During the summer of 2018 Edward worked as an intern for Congresswoman Claudia Tenney in her bid to win reelection in the 22nd Congressional District of New York. He was compelled to join Tenney’s campaign because of her stance on “individual liberty, capitalism, and the right to bear arms.” He found on her team “camaraderie, compassion, and a strong work ethic.” It was an honor, he says, to meet and communicate with the Congresswoman herself whom he describes as “a personable and caring individual—a woman of immense character who inspires the people around her.” Edward particularly enjoyed meeting and speaking with constituents of the NY-22 district, a region of rolling hills with dairy farms and corn fields, villages, and the cities of Utica and Binghamton that, like much of the Northeast, have seen the loss of industries. Edward and other interns acted as helpful ears to Tenney, reporting observations. He learned that “many residents in the district are concerned about the state’s sluggish economy, their Second Amendment rights, the opioid epidemic, and farming policies.”
Edward’s work in Ms. Tenney’s campaign coupled to an impressive track record of community service made him a compelling candidate for the White House Internship Program, the premier public service opportunity for the nation’s young leaders. Competing against thousands of applicants from across the country, he attained this prestigious honor and interned at the White House during the spring semester, 2019. The program looks for “committed citizens” to form “a select group of young men and women from across the country” who will “dedicate their time, talents, energy, and service to better the White House and the Nation.” The experience was truly “an honor and a privilege,” says Edward. “I will never forget the day of our WHIP class photo and I will always carry forth the compassion, integrity, and sense of duty demonstrated by my supervisors and our President.”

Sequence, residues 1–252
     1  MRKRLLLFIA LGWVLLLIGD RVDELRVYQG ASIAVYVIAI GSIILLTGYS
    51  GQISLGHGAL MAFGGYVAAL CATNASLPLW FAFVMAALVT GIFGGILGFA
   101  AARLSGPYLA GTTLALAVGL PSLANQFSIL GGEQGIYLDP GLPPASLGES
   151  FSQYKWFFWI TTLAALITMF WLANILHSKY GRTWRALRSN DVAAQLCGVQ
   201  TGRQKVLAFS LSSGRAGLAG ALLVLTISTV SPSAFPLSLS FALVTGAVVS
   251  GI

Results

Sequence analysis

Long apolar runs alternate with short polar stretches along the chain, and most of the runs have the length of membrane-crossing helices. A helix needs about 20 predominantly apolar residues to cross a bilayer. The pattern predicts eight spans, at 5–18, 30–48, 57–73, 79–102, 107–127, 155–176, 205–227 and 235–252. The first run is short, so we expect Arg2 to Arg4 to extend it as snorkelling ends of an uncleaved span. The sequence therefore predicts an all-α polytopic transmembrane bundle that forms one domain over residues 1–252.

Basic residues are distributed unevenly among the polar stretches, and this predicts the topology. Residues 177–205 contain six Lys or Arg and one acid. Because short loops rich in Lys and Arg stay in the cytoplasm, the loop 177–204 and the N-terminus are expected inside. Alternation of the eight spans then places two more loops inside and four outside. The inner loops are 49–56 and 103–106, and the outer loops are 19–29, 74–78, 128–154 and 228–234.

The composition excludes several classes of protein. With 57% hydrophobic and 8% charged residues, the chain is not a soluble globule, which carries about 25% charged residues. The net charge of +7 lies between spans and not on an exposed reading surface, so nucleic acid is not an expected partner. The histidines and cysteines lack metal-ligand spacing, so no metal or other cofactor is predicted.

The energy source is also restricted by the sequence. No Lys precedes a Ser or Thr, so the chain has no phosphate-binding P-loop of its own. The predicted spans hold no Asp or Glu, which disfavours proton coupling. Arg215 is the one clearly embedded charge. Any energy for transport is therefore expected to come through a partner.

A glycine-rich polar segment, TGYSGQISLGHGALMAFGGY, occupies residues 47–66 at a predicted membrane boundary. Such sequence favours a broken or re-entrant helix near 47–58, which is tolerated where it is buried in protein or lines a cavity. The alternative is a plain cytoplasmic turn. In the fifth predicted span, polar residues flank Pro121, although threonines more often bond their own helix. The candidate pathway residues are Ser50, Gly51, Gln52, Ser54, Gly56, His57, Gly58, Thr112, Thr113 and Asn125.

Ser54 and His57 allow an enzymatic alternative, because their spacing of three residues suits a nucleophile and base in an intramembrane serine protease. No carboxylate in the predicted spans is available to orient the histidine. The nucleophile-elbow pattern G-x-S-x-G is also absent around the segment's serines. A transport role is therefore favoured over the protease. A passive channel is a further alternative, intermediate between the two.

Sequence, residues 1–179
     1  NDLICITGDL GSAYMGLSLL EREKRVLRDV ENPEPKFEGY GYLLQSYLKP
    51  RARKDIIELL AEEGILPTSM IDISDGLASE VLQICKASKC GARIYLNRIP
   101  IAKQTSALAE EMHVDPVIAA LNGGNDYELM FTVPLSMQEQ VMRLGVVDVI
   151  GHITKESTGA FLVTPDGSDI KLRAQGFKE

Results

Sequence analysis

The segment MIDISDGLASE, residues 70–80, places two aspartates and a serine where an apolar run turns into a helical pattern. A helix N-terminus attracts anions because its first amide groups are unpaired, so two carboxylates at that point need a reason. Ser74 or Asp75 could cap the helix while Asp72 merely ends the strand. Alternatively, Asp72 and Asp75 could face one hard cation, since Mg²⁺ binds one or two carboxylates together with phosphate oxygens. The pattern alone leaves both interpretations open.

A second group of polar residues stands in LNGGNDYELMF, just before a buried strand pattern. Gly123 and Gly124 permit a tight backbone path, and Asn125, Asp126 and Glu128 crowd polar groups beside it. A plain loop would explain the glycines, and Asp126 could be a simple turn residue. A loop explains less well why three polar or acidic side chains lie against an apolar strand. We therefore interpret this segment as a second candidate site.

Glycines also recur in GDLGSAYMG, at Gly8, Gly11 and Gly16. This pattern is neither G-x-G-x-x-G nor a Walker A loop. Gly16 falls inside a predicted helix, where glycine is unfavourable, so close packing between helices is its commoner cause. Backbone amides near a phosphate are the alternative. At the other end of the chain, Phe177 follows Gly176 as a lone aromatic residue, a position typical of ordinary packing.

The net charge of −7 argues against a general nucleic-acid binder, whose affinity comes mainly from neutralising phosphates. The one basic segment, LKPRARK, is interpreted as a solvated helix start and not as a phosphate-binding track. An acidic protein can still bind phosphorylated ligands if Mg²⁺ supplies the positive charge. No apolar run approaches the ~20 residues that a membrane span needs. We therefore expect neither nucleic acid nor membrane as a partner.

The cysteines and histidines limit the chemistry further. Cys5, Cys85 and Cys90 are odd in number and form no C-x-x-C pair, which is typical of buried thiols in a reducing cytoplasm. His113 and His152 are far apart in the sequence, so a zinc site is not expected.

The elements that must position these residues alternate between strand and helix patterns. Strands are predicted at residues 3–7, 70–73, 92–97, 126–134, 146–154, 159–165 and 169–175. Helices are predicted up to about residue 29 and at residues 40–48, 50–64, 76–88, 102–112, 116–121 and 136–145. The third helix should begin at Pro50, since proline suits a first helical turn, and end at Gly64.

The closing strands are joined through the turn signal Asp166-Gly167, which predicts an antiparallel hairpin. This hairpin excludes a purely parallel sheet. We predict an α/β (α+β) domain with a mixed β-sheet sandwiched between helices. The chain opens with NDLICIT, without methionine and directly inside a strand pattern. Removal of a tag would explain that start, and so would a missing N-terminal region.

Edward’s involvement with the AHI began during his freshman year when he attended a special event, Dr. Andrew Porwancher’s lecture on George Washington’s Farewell Address. “I was captivated by the beauty of the historic Federal-style mansion that stands as the AHI headquarters and the intellectual sophistication of that evening’s discussion.” Since then he has attended the speaker series which included a presentation by AHI co-founder and Charter Fellow James Bradfield, retired Professor of Economics, on the Coase Theorem, an “engaging, informative, and nuanced discussion,” and Professor Ambrose’s Constitution Day lecture. A particularly memorable experience was attendance at the Monticello Colloquium dedicated to discussion about Jefferson at his home in Monticello. “What secured my involvement,” he stated, “was the institute’s commitment to its undergraduate fellows and excellence in scholarship.”
Edward became a staff writer on the AHI-sponsored, student-run publication, Enquiry, in his sophomore year. In the process he met and worked with “extraordinary individuals”: Editor-in-Chief Claire Anastasia Kitz, Managing Editor Andrew Juchno, and AHI Resident Fellow Dr. David Frisk. “Everyone involved was of exemplary academic integrity and provided support in the article-creation process.” He also pointed to his “time assisting Resident Fellow Dr. Mary Grabar with parts of her research” and described it as “an educational and skill-enhancing experience.”